Verse > Anthologies > T. H. Ward, ed. > The English Poets > Vol. V. Browning to Rupert Brooke
Thomas Humphry Ward, ed.  The English Poets.  1880–1918.
Vol. V. Browning to Rupert Brooke
By John Addington Symonds (1840–1893)
THE WEST is purple, and a golden globe,
  Sphered with new-risen moonlight, hangs between
The skirts of evening’s amethystine robe
  And the round world bathed in the steady sheen.
  There bending o’er a sickle bright and keen,        5
Rests from his long day’s labour one whose eyes
Are fixed upon the large and luminous skies.
An earnest man he seems, with yellow hair,
  And yellow ’neath his scythe-sweep are the sheaves;
Much need hath he to waste the nights with care,        10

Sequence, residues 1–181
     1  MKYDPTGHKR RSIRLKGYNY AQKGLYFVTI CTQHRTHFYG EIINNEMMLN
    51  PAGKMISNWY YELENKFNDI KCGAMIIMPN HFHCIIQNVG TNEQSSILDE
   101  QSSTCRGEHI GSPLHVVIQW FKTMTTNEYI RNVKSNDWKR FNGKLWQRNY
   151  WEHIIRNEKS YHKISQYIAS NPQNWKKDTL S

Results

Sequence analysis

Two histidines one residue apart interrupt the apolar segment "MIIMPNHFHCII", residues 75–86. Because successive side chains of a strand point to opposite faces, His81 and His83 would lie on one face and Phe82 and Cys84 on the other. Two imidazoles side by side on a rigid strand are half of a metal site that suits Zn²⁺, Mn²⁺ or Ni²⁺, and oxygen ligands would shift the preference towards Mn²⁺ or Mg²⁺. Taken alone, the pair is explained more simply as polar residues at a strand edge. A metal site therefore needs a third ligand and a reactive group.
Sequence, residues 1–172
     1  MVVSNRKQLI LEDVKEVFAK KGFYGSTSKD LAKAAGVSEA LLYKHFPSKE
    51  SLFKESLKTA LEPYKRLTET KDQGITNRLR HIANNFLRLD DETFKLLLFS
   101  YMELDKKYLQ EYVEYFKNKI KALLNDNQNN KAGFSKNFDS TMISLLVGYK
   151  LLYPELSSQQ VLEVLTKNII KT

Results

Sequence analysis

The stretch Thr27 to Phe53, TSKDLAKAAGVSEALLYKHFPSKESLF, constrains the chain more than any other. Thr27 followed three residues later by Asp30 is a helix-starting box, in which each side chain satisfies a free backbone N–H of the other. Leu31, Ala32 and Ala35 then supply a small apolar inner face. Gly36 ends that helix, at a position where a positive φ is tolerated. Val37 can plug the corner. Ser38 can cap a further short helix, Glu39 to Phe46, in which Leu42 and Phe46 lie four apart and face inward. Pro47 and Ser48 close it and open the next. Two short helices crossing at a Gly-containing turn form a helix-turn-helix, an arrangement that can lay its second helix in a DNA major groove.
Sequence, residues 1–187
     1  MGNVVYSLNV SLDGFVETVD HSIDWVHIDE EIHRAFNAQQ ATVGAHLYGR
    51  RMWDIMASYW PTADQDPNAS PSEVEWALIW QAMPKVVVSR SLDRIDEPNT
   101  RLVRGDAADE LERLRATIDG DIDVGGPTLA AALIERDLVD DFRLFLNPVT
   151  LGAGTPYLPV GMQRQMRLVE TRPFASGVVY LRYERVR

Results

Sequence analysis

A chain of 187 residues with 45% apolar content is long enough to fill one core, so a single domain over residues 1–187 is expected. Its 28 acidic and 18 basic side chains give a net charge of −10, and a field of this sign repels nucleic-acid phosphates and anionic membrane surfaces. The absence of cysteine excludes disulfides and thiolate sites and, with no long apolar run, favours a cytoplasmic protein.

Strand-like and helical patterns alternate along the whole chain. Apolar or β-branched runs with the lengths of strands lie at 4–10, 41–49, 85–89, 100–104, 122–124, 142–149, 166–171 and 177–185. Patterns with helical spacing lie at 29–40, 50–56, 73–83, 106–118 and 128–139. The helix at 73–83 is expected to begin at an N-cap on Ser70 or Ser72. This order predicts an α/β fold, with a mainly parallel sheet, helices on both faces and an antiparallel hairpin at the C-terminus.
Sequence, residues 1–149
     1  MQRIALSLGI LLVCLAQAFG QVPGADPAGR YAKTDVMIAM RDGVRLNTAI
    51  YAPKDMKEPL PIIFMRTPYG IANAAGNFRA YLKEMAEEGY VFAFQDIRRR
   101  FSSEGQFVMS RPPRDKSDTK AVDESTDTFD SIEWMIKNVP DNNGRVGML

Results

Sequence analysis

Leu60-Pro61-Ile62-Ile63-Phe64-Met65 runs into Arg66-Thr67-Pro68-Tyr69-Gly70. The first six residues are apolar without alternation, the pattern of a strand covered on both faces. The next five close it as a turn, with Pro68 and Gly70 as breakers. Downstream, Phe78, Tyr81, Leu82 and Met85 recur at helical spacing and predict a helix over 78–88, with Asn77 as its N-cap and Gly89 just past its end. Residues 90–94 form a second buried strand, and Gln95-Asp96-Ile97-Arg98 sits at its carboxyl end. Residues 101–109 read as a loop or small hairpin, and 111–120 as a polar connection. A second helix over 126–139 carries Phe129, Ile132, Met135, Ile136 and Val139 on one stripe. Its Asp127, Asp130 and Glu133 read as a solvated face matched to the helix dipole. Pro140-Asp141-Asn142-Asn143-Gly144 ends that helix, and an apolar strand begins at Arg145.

Lest waking he should hear from dripping eaves
  The plash of rain, or hail among thin leaves,
Or melancholy waitings of a wind,
That lays broad field and furrow waste behind:
Much need hath he the live-long day to toil,        15
  Sweeping the golden granaries of the plain,
Until he garner all the summer’s spoil,
  And store his gaping barns with heavy grain;
  Then will he sleep, nor heed the plash of rain,
But with gay wassail and glad winter cheer        20
Steel a stout heart against the coming year.

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